Counting by Sevens
Ann E. Wallace
ISBN: 978-1-59948-751-9, ~96 pages, $15 (+ shipping)
Projected Release Date: August 2019
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About The Author
Ann E. Wallace, PhD, was raised in a small coastal town in Massachusetts but has lived in Jersey City, NJ for many years. As a long-time survivor of ovarian cancer and as a woman with multiple sclerosis, she reflects on the embodied experience of illness and trauma through poetry and prose, as well as in her scholarship. Her creative work has appeared in Wordgathering, Juniper, Literary Nest, The Capra Review, Snapdragon, and other journals. She is an English professor at New Jersey City University, and her work can be found online at AnnWallacePhD.com.
Wallace’s great feat in this book of poems about both her life-threatening illnesses and our persistent national injustices is to leave readers with a sense of hope. In an unsparing conversational style that eschews metaphor, she pulls this off with tales of resilient lives, highlighting girlhood: her own, her mother’s, and her daughters’. Life is lived deliberately in an imperfect country, with other people, and against all odds. ~E. Shaskan Bumas, author of the Grace Paley Award winning book The Price of Tea in China
Counting by Sevens is about how we make sense of our wounds. Wallace takes us through the national injuries inflicted by injustice, the damage done to us in relationships, and finally to the betrayal of our bodies in illness. She moves from national injury to the increasingly intimate, cellular level of our bodies, and in clear-eyed, unsentimental poetry, brings readers to their knees, showing that bearing witness to suffering is a form of healing. ~N. West Moss, author of The Subway Stops at Bryant Park (Leapfrog Press, 2017)
Valentine’s, Another Day
The classroom door has a window,
my daughter told me in the fall,
though it feels like
it was yesterday,
and the walls do not meet
the ceiling, so we were lucky
that the threat was in
the other building.
I have a favorite classroom,
with a solid door, and no windows,
like a dungeon, my friend posted
today in response to a query
about how to keep safe
at work, on another day,
like every day, when
these questions matter.
On one of those days,
a man stands agitated,
outside another school,
studying each person
who enters, pulling one
aside to ask questions.
The principal watches him
through her window, calls
the police. It doesn’t matter why
he is angry, but it does matter
that he is angry
inside the building.
My younger daughter
didn’t receive any flowers
at school this Valentine’s,
but she was in a good mood
and her friends plucked
the blossoms from theirs
and gave her the barren stems,
which she gathered
into a twiggy bouquet.
She has a sense
of humor, so she posted
a picture and laughed
at her good fortune.
That evening I bought
a set of ramekins and
made molten chocolate
cakes, but I forgot
to set the timer and they baked
just a little too long.
We ate them together, watching
U.S. skaters spin on the ice
half a world away,
and read the news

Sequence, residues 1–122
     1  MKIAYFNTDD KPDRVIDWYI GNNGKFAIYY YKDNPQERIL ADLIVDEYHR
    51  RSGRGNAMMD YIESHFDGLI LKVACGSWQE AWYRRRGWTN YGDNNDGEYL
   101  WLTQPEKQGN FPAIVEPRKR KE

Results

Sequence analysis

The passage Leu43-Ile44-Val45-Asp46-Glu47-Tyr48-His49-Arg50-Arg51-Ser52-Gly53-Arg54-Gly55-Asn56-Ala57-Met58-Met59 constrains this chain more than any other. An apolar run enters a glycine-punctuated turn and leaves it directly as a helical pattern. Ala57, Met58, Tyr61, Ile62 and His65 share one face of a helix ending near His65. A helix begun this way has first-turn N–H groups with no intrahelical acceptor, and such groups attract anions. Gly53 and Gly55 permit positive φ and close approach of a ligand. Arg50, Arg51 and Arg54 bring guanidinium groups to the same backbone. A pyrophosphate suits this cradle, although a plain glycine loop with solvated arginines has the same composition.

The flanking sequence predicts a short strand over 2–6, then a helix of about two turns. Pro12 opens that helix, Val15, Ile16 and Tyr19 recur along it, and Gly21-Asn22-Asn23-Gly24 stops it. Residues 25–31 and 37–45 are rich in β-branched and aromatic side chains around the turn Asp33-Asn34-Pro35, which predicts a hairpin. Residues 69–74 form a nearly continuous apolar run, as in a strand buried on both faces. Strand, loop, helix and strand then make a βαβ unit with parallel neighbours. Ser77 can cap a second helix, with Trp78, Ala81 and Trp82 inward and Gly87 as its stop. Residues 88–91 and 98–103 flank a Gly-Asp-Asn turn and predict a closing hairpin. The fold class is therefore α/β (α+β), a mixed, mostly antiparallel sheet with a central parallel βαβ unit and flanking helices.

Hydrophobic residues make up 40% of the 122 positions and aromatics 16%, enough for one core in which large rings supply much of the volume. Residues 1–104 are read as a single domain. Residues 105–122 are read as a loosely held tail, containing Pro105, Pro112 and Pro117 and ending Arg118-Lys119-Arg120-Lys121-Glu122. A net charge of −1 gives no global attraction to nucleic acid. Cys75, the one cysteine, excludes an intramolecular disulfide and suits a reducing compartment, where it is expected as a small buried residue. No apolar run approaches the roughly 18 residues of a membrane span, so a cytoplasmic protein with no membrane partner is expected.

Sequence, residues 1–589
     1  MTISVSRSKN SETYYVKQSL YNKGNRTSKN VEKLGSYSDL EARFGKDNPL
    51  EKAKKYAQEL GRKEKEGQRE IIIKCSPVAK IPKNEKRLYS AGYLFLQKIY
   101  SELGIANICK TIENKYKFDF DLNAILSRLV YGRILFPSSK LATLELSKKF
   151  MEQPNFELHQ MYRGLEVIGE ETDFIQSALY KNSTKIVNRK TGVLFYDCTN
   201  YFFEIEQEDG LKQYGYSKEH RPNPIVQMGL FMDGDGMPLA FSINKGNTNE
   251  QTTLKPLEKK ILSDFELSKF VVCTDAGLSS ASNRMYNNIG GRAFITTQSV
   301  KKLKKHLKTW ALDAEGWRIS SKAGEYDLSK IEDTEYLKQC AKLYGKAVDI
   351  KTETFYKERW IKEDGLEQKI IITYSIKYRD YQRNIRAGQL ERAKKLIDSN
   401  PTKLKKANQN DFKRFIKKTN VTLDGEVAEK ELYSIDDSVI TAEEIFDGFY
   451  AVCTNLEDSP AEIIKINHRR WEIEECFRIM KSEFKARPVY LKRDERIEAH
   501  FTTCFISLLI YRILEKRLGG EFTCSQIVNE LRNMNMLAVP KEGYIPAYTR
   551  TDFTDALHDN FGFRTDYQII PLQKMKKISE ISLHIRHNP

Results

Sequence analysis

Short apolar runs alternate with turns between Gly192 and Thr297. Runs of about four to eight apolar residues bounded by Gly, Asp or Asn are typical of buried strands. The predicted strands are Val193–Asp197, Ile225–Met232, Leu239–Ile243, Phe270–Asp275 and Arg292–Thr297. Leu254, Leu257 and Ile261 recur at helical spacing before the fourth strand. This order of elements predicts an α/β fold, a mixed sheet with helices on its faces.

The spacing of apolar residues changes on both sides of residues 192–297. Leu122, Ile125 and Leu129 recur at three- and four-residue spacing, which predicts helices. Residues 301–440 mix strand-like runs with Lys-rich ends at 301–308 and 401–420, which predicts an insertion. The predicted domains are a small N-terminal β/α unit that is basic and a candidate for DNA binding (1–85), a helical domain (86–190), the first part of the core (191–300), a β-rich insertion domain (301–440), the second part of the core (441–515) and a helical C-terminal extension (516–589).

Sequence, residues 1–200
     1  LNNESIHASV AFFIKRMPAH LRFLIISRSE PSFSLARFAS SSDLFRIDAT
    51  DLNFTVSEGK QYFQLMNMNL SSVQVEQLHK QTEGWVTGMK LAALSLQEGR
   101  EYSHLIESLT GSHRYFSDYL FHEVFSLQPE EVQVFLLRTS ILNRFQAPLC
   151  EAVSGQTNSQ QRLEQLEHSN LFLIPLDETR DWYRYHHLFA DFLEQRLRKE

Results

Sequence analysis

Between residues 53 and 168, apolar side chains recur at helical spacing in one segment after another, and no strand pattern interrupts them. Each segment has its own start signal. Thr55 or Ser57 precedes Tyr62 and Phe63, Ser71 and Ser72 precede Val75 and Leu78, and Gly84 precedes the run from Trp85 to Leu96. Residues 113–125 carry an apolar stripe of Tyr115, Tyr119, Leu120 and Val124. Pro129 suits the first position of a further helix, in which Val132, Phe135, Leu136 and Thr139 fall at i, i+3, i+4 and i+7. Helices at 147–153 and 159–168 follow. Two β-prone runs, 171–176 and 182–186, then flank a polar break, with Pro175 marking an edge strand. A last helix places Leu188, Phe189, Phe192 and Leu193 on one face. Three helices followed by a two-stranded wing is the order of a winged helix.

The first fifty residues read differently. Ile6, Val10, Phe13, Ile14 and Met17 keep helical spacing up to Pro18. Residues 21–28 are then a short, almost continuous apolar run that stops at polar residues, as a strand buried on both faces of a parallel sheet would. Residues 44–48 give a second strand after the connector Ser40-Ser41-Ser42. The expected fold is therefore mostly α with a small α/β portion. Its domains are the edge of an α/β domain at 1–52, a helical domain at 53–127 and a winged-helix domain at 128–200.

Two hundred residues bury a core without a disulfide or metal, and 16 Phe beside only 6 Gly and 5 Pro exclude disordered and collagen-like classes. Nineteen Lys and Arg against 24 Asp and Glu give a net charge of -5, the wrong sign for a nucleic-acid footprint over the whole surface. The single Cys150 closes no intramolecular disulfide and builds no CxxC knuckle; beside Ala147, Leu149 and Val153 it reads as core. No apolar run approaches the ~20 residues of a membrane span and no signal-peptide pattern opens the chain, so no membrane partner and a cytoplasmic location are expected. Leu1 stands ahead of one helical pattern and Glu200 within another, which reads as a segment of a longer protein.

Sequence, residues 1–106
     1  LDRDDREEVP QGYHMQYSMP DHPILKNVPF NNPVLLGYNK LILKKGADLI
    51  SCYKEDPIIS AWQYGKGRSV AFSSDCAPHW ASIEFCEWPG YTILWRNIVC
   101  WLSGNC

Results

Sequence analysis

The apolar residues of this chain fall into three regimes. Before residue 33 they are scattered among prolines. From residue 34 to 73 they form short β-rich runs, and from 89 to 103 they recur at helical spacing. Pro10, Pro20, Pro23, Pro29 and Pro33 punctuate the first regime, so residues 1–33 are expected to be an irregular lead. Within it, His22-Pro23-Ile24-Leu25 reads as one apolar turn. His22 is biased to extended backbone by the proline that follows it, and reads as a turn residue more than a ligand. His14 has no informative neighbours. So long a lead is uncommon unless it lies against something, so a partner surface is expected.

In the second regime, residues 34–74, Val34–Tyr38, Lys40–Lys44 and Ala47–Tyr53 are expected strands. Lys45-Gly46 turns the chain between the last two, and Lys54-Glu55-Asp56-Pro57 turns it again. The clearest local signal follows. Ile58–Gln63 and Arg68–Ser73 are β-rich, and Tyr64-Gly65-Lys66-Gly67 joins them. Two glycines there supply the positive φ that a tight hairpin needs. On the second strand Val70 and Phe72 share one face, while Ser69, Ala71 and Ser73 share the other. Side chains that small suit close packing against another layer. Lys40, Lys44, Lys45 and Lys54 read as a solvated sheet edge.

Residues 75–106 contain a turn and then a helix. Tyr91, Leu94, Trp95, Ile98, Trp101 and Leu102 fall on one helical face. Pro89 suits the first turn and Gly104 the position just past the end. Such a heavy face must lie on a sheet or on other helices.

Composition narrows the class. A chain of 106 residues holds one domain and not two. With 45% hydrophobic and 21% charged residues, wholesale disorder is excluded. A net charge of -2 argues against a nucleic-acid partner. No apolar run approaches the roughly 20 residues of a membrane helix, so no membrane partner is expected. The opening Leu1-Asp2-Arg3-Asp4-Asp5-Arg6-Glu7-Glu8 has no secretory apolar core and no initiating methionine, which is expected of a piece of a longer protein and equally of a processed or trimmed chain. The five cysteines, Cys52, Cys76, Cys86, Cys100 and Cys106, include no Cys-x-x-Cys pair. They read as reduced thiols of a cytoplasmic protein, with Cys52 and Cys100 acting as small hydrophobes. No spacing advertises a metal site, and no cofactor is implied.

In culinary arts, at my daughter’s
high school, the room is open
to the lunchroom, and
the teacher had told the class
just thirty minutes before
on that September day
that they could hide
in the storage room,
with the food,
if there ever were a threat.
But, he said, there never
That was the day the alarm rang,
and it was eighth period,
so my daughter was
in the other building with the door
that you can see through.
She came home that afternoon
to tell me the story.
And this time, on Valentine’s day,
I was not worried because
she was at school making crepes,
and her sister was laughing
and the man on the corner
But this is another day
in America, and the gunshots,
and the whimpers
and the wails, though
today they are not here,
they do not stop,
and the sounds of terror
reverberate for miles and miles
off the red and pink balloons
in the shape of hearts
that float from the school halls
above the bodies
of Parkland’s children.
The Weight of the Numbers
800,000 children and adults marching for our lives
is overwhelming, unimaginable
but seventeen dead in 6 minutes and 20 seconds
is suffocating, incomprehensible,
a grief that challenges us to wade into it.
But those numbers take our breath away
when we feel the shaking ground of Washington
reverberate in the heart heavy footsteps of New York,
Chicago, LA, Boston and along thousands
of other beaten paths,
when the firm and weeping silence of Emma Gonzalez
echoes in the voices heard and unheard, of students
like her, or not, at podiums, holding microphones
and bullhorns, or not, for the first time,
when 7,000 unique pairs of shoes laid out on the lawn of the Capitol
by countless volunteers working from dawn to the final bell
signal the horror of nearly six years of children
we were willing to lose since twenty and six
murdered made us promise, no more.
A mother orca mourns
her newborn calf for sixteen
days, the two buoyed together
for hundreds of miles, encircled
by their familial pod.
We marvel at her grief, so
human, at the compassion of killer
whales who keep her close, safe,
share the weight of her grief
and listen to her cry.
A mother from El Salvador mourns
her lost child for weeks unending,
her toddler taken, withheld, misplaced,
she swims alone, amid the lost mothers,
in their pod of manmade grief.
We scorn her despair, her choice so
inhuman, of bringing babe from hostile
land, bound together for hundreds
of miles in search of freedom, life, safety,
and we will not hear her cry.